Movie Review: The Man Who Wasn’t There

As Oscar night looms like a fearsome totem of utter predictability and interminable length movie glory, the Coens are once again at the heart of many a cinematic discussion. True Grit has been bandied about as a serious contender in some of the major categories, although it’s unlikely to find the kind of success as No Country For Old Men did a few years back, and the enigmatic Minnesotan brothers are once more being touted as masters of their craft. Rightly so.

Of course, aficionados of Joel and Ethan’s work – your author included – have been on board this bandwagon for a fair while, and with their latest film still in UK cinemas and garnering all sorts of attention, it’s a good time to consider their cinematic back-catalogue. Classics like Fargo, Miller’s Crossing and the aforementioned No Country should already be in the ‘viewed’ pile of nearly every film enthusiast, but the brothers’ 2001 film The Man Who Wasn’t There has been somewhat lost in the shuffle.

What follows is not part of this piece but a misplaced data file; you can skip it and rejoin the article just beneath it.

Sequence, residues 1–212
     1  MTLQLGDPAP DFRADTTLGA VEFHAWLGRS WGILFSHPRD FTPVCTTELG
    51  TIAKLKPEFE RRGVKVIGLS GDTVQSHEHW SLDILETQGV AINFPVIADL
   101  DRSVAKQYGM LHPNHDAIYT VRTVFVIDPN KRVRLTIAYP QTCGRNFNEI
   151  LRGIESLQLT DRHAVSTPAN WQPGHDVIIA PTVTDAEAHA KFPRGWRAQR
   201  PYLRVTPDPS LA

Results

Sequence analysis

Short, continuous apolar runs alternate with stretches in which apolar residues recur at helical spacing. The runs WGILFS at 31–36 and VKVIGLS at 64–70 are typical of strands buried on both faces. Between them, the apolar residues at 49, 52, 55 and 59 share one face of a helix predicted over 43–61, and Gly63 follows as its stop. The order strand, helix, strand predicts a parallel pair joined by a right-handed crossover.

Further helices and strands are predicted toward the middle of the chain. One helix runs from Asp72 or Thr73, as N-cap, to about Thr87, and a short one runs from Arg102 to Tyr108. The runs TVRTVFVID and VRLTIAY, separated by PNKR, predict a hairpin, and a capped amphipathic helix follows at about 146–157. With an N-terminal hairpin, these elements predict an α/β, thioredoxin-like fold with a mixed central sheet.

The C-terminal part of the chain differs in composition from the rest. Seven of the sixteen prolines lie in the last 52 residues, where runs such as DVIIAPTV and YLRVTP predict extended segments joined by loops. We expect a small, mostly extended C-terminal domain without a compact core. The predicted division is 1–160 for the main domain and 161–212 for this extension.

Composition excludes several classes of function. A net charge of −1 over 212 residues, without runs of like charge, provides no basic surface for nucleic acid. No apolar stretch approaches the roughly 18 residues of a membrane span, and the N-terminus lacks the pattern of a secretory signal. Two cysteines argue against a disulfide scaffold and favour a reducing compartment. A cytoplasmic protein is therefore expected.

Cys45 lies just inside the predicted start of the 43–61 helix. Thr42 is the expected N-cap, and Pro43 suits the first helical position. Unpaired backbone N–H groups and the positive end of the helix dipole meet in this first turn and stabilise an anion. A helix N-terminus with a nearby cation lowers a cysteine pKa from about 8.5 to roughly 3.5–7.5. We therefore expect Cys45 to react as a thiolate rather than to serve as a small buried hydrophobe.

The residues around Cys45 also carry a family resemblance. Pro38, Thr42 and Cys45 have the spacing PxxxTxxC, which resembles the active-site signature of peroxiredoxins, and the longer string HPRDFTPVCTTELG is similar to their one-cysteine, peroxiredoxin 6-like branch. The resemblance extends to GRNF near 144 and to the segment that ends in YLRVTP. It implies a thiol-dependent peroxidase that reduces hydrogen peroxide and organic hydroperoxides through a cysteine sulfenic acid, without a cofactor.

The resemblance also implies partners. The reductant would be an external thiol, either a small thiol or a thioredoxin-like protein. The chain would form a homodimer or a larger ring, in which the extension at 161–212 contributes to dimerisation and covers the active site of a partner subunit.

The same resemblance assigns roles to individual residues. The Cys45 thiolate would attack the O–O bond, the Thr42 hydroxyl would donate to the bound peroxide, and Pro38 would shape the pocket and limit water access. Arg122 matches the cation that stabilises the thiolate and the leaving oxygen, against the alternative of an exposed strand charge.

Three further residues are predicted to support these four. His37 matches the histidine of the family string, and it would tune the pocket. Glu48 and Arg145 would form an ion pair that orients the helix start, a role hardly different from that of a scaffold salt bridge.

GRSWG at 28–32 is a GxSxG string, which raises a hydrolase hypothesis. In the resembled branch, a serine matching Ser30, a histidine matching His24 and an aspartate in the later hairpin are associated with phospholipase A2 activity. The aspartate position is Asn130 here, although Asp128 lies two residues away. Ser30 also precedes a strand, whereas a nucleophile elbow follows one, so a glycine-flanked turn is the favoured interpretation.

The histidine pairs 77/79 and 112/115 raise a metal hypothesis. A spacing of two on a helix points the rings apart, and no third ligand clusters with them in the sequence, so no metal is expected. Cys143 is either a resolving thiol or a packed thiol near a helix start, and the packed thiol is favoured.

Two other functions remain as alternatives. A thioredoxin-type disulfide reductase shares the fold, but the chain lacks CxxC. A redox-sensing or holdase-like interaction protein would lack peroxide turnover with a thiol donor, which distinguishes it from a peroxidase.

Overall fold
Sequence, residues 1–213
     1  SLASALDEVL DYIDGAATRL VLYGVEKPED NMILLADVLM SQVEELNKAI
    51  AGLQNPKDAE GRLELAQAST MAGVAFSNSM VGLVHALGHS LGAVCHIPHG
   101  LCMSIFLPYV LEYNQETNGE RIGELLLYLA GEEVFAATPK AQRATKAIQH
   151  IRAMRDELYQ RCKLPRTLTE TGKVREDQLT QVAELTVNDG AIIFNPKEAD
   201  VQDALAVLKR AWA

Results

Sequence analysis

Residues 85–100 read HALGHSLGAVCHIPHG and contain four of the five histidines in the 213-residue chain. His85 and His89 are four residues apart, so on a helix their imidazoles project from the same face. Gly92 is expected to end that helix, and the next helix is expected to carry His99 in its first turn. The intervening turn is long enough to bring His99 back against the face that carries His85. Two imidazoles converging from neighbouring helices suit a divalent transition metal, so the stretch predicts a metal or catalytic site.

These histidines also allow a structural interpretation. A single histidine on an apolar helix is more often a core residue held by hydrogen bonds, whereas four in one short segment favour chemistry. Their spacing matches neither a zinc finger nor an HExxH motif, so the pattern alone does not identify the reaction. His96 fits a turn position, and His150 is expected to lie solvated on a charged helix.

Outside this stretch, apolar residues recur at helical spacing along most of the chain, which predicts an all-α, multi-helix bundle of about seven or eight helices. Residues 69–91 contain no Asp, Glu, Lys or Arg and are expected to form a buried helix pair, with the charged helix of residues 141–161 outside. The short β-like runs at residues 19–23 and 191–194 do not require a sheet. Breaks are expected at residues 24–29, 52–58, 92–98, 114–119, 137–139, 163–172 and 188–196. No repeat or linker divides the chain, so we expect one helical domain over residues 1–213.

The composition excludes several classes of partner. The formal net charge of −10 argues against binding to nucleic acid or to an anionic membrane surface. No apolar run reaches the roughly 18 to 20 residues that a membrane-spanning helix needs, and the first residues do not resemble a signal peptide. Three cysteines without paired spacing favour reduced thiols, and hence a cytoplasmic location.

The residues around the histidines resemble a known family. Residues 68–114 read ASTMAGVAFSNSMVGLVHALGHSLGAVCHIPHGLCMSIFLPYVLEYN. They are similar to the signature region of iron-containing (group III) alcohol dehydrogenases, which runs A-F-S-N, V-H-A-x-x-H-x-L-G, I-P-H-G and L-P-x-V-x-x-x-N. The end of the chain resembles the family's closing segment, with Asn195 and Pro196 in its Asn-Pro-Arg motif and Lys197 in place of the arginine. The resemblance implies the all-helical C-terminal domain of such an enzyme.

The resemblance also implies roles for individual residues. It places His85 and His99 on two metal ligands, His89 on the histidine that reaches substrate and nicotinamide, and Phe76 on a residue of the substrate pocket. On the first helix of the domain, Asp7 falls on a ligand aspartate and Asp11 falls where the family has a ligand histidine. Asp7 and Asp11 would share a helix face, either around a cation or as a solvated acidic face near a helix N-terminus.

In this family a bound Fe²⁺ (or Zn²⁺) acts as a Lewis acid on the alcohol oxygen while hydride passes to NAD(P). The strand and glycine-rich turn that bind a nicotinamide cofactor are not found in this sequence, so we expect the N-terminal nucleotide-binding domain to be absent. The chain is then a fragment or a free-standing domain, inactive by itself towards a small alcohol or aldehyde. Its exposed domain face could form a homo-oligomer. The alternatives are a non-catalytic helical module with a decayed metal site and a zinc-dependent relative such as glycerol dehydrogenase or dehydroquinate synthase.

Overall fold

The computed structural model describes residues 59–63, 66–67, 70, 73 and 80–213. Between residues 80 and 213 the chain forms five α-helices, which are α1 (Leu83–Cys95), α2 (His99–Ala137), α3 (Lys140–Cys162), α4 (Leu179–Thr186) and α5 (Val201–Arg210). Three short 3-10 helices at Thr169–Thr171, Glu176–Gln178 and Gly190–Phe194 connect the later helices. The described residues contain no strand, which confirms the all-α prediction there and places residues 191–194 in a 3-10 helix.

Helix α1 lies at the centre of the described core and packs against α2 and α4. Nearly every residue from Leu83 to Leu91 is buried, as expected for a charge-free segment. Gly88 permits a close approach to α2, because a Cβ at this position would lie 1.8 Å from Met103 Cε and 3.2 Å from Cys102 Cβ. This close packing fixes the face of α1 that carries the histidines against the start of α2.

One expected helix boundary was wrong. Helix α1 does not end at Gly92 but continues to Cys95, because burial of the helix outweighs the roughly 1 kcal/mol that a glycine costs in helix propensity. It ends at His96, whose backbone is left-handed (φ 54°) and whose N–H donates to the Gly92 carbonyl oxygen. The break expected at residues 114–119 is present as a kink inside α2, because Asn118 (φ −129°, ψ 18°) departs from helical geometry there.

Set in 1949 California, the film follows Billy Bob Thornton’s Ed Crane, a barber who smokes incessantly and barely says a word to anybody. His life is unremarkable in almost every way – “we just cut the hair,” Ed says – until he meets businessman Creighton Tolliver, who offers him the chance, for $10,000, to get in on the ground floor of the next big thing: dry cleaning. Having long known his wife Doris (Frances McDormand) and her boss Big Dave (James Gandolifini) are having an affair, he anonymously blackmails Big Dave for the money to invest, and things start to slip away from there…

Even from this brief synopsis, it’s not hard to know that this is a Coen Brothers movie. Its themes of isolation, small-town ambition, underlying criminality and some excellent character names – Tony Shaloub’s smooth lawyer Freddie Riedenschneider probably has the pick of them – are all hallmarks of the brothers’ style, and The Man Who Wasn’t There certainly subscribes to the Coen format. Snappy dialogue, a revolving door or supporting actors and some unexpected scenes of violence and vice are all expected features of a Coens film, and The Man… certainly has all the boxes ticked.